No Kindle device required. Download one of the Free Kindle apps to start reading Kindle books on your smartphone, tablet, and computer.

  • Apple
  • Android
  • Windows Phone
  • Android

To get the free app, enter your mobile phone number.

Kindle Price: CDN$ 14.99

Save CDN$ 7.01 (32%)

includes free international wireless delivery via Amazon Whispernet

These promotions will be applied to this item:

Deliver to your Kindle or other device

Deliver to your Kindle or other device

Standing in the Rainbow (Ballantine Reader's Circle) by [Flagg, Fannie]
Kindle App Ad

Standing in the Rainbow (Ballantine Reader's Circle) Kindle Edition

4.1 out of 5 stars 119 customer reviews

See all 11 formats and editions Hide other formats and editions
Amazon Price
New from Used from
Kindle Edition
"Please retry"
CDN$ 14.99

Length: 544 pages Word Wise: Enabled Enhanced Typesetting: Enabled
Page Flip: Enabled

Kindle Featured Deals
Browse Kindle featured deals from our publishers. See more.

Product Description

From Publishers Weekly

From the talented storyteller whose Fried Green Tomatoes at the Whistle Stop Cafe became a beloved bestseller and a successful film comes a sprawling, feel-good novel with an old-fashioned beginning, middle and end. The predominant setting is tiny Elmwood Springs, Mo., and the protagonist is 10-year-old Bobby Smith, an earnest Cub Scout also capable of sneaking earthworms into his big sister's bed. His father is the town pharmacist and his mother is local radio personality Neighbor Dorothy (whom readers will recognize from Flagg's Welcome to the World, Baby Girl!). In 1946, Harry Truman presides over a victorious nation anticipating a happy and prosperous future. During the next several decades, the plot expands to include numerous beguiling characters who interact with the Smith family among them, the Oatman Family Southern Gospel Singers, led by matriarch Minnie, who survive misadventures galore to find fame after an appearance on the Arthur Godfrey show in 1949, the same year Bobby's self-esteem soars when he wins the annual town bubble gum contest. Also on hand are tractor salesman Ham Sparks, who becomes amazingly successful in politics, despite his marriage to overwhelmingly shy Betty Raye Oatman, and well-liked mortician Cecil Figgs, a sponsor of Neighbor Dorothy, who, as a bachelor in the mid-century South, also enjoys a secret life. The effects of changing social mores are handled deftly; historical events as they impact little Elmwood Springs are duly noted, and everything is infused with the good humor and joie de vivre that are Flagg's stock-in-trade.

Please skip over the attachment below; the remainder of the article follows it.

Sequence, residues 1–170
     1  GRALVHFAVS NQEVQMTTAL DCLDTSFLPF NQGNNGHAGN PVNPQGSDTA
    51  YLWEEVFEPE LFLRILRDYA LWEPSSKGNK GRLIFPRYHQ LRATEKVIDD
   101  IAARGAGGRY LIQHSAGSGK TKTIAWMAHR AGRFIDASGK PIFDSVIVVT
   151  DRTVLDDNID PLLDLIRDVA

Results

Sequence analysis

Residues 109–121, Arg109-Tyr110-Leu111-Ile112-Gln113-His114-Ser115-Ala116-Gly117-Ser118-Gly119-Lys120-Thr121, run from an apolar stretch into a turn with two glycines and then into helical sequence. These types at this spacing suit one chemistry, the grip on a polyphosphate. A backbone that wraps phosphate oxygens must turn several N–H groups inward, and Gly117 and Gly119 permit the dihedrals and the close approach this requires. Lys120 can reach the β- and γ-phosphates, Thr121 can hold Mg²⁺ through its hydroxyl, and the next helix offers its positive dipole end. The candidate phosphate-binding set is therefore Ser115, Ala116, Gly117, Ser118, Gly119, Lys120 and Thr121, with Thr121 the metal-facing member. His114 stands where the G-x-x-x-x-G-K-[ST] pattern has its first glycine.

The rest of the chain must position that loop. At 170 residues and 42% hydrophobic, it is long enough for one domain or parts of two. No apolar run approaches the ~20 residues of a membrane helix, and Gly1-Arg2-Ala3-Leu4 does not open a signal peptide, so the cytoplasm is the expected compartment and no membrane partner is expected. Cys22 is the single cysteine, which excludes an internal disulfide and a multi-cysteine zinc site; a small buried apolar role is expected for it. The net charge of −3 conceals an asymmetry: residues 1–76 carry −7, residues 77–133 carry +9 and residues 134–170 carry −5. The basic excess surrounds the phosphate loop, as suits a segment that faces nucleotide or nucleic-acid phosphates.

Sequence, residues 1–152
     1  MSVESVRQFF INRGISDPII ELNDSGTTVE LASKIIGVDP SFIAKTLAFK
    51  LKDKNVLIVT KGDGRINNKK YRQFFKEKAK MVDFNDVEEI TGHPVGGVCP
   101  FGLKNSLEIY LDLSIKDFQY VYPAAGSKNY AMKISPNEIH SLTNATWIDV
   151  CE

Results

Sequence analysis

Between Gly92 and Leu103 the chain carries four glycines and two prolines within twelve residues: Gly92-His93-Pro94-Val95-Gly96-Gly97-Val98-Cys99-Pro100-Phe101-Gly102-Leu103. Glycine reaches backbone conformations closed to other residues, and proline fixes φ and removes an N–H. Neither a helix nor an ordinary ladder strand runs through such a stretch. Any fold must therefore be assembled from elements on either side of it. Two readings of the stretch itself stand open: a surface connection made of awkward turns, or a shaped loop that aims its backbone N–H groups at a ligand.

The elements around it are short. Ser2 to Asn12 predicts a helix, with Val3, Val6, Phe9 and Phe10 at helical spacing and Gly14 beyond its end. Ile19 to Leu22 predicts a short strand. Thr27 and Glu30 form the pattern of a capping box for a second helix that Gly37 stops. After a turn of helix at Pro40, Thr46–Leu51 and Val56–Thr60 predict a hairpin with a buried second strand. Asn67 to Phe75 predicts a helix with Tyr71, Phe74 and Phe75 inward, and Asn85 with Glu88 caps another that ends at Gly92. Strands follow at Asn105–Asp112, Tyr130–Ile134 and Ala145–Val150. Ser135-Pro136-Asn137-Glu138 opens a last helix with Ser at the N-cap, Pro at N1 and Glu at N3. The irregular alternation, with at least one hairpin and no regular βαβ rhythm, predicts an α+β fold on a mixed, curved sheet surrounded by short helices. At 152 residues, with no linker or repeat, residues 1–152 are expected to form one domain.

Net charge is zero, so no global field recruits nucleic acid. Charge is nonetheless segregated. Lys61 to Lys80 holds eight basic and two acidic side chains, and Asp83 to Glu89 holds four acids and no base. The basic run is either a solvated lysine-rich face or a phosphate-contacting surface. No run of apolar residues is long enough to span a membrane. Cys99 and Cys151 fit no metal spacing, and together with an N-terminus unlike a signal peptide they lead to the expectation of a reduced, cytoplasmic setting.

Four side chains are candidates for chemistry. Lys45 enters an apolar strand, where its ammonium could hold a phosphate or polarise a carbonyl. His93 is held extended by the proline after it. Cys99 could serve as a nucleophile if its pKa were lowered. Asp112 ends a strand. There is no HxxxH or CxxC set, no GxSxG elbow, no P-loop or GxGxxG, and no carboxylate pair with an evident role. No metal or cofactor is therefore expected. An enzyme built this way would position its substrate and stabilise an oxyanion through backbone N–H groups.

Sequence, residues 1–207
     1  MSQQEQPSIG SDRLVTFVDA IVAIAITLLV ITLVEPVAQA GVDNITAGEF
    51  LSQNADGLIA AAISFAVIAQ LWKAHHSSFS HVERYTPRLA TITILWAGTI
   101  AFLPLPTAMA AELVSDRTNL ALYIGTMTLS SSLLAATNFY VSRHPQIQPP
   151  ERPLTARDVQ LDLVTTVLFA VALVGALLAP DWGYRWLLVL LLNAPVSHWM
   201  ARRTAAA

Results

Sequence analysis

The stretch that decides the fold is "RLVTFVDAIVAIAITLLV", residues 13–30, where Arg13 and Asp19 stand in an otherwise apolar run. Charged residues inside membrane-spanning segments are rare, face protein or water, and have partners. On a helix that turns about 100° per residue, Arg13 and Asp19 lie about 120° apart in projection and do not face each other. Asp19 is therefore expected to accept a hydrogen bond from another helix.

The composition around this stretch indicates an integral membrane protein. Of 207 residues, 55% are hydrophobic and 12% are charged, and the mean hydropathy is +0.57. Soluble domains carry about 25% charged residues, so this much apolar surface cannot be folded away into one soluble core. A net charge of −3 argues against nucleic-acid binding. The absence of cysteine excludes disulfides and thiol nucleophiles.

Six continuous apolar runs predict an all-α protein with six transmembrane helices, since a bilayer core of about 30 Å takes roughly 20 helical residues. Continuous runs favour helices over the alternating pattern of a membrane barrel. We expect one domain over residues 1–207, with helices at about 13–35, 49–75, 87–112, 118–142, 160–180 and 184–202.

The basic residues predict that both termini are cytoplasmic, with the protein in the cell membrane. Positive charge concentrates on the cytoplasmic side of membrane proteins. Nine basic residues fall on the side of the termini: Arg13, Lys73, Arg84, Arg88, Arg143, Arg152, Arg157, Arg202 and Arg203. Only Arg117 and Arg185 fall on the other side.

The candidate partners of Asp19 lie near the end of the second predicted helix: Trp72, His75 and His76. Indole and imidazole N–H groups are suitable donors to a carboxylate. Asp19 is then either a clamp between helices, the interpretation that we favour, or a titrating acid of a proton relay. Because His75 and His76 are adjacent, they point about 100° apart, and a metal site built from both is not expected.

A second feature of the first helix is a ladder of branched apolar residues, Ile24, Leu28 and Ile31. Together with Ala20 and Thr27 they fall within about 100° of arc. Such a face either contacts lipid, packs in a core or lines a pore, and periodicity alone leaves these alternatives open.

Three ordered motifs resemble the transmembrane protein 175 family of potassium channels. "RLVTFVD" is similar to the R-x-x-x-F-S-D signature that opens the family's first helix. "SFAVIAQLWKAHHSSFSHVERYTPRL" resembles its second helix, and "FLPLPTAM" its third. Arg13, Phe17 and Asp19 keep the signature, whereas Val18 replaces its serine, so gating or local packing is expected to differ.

Copyright 2002 Cahners Business Information, Inc.

From Library Journal

Flagg brings her readers back to 1940s Elmwood, MO, when a family of white gospel singers bursts into town.
Copyright 2002 Reed Business Information, Inc.

Product Details

  • Format: Kindle Edition
  • File Size: 1240 KB
  • Print Length: 544 pages
  • Page Numbers Source ISBN: 0345452887
  • Publisher: Ballantine Books (Aug. 3 2004)
  • Sold by: Random House Canada, Incorp.
  • Language: English
  • ASIN: B000FC1V2Y
  • Text-to-Speech: Not enabled
  • X-Ray:
  • Word Wise: Enabled
  • Enhanced Typesetting: Enabled
  • Average Customer Review: 4.1 out of 5 stars 119 customer reviews
  • Amazon Bestsellers Rank: #16,079 Paid in Kindle Store (See Top 100 Paid in Kindle Store)
  •  Would you like to give feedback on images or tell us about a lower price?

What Other Items Do Customers Buy After Viewing This Item?

click to open popover

Customer Reviews

Top Customer Reviews

By A Customer on June 12 2003
Format: Hardcover
I take passionate objection to this book. I have read all of Fannie Flagg's previous books and found them wonderful. I have a deep admiration for her writing skills. However, this book has no plot and the only thing connecting all of the people is the town in which they live. The part I found most interesting was Betty Raye's story, which disappoints because it turns into the Hamm Sparks story instead. On top of that the whole middle part of the book is all about Hamm Sparks and has nothing to do with Elmwood Springs. I re-read Welcome to the World Baby Girl before reading Standing in the Rainbow, to review all that I knew about Elmwood Springs and it's occupants. Welcome to the World's main character, Dena, moves to Elmwood Springs in 1979, gets married, has a baby and is thrilled to be 'home' again near her only living relatives Norma and Aunt Elner. After a hard life, with no family, Dena is happy to be around her Elmwood Spring's family that loves her so much. (So much that Norma can barely speak when Dena calls and says she's coming for a visit) In Standing in the Rainbow Dena is mentioned in one paragraph. Norma, Macky and Aunt Elner all pick up and move without a care in the world for leaving Dena behind.